It’s been exactly two weeks since the WHO characterized COVID-19 as a pandemic. More countries are going into lockdowns, or variations thereof, and measures taken are becoming more drastic. Lives are literally at stake. Businesses everywhere are implementing remote-work protocols, and suddenly physical presence becomes less of an issue for business continuity. It’s amazing to see how fast organizations adjust. In the past it would take months to decide on a remote-work protocol, but now the crisis suddenly forces these decisions at a break-neck pace. What seemed impossible yesterday, is suddenly reality today. “Necessity is the mother of all decisions” it seems.
I’ve been reporting on how companies react to change for more than half a decade now. I’ve never seen change go this fast. After this pandemic is done I can’t help but wonder how the decisions we make today will shape our decision-making in the future. Large corporations that struggle with “sluggish” perception have a real opportunity to turn that around, if they can make this mindset last after life has returned to normal.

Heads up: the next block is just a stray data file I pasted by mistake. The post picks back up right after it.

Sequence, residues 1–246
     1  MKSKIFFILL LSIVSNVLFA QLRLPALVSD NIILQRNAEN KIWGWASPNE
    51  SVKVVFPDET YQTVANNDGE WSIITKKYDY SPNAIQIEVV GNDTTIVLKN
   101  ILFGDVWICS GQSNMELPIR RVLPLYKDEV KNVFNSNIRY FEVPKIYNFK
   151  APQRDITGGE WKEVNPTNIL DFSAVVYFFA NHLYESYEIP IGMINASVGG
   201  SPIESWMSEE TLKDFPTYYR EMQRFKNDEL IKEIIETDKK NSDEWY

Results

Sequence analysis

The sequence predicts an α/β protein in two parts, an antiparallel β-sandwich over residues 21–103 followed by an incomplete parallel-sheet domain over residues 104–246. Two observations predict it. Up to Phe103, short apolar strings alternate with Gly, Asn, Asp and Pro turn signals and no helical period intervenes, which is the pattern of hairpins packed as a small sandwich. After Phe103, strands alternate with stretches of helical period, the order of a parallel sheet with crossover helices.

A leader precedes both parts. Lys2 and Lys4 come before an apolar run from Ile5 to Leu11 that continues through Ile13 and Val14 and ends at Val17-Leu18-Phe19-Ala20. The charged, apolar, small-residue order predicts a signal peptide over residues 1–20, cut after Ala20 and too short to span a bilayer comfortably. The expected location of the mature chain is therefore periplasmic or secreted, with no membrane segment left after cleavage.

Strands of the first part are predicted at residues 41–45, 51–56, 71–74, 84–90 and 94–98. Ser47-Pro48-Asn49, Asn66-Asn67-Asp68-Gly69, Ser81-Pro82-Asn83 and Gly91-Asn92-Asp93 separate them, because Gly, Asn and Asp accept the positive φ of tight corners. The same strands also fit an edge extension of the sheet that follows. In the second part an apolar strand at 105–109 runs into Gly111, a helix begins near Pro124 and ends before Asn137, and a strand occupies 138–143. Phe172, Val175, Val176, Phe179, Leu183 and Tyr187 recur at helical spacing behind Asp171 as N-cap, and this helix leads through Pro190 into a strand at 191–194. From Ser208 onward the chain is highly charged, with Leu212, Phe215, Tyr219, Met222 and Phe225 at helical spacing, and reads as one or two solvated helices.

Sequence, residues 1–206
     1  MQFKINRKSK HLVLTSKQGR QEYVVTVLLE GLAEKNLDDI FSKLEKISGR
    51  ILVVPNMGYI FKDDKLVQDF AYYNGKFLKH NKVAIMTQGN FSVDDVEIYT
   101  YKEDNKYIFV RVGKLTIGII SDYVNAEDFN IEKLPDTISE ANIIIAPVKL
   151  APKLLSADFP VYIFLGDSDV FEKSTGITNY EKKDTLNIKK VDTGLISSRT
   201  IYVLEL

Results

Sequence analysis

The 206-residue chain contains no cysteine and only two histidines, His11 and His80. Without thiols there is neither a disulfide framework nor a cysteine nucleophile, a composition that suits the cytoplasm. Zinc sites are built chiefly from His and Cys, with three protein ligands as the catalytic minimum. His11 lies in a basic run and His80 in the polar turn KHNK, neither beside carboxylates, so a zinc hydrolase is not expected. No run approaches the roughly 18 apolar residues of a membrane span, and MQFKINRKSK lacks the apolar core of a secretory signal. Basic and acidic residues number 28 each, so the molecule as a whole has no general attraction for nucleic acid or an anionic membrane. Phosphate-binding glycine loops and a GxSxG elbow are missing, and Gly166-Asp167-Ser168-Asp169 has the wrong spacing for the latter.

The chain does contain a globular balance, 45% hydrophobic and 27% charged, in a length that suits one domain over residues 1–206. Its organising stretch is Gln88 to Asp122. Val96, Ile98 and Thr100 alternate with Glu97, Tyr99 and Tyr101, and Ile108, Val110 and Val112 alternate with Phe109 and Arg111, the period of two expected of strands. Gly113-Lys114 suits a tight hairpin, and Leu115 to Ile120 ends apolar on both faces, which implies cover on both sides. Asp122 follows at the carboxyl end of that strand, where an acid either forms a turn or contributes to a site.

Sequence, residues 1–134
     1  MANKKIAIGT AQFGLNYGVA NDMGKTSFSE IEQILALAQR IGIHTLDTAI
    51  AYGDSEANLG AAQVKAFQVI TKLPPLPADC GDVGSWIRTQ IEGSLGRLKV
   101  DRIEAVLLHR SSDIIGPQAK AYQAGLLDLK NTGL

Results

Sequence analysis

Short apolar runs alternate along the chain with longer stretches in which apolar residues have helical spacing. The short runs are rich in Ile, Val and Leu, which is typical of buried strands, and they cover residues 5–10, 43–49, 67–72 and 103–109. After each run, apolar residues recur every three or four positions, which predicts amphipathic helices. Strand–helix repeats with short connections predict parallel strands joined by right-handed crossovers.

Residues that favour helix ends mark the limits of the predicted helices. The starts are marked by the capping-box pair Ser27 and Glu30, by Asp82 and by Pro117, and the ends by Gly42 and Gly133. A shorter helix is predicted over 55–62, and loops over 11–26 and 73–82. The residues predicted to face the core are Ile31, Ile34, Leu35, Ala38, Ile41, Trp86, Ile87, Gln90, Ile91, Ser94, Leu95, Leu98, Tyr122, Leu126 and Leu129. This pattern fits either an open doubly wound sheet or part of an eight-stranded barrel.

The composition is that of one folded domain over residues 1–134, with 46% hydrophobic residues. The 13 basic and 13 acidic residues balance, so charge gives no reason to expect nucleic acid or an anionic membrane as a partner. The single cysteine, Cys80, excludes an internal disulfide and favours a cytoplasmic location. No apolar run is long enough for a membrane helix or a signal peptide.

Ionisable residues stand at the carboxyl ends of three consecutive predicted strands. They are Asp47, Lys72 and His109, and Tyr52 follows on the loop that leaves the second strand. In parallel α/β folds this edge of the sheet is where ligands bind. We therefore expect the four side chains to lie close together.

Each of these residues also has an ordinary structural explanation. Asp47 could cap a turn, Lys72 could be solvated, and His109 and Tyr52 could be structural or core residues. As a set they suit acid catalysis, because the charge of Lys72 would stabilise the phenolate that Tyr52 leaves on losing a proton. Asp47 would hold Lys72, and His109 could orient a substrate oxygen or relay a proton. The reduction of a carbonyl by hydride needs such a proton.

But, there is danger too. Remote workforces communicate digitally. There are no more watercooler conversations or desk-interruptions. Everything happens through static, dynamic and Rapid communication. In other words: the flow of visible information just turned into a tsunami. And therein lies Internal Communications’ next challenge, which play to our strengths: source-checking and streamlining communications.
When newspapers stopped hiring journalists and opted to go with a freelance-fleet, many journalists were left unemployed. Not everyone wanted to be a freelancer. Now, journalists are smart people – so they adjusted. They realized that their skillset can be exploited to benefit companies. The result? An influx of copywriters. The start of content marketing. And more Internal Communicators with a strong reporting skillset. As any journalist knows, your reputation lives and dies by the credibility of your sources. Now is the time to bring that ethos into our business, more than ever before.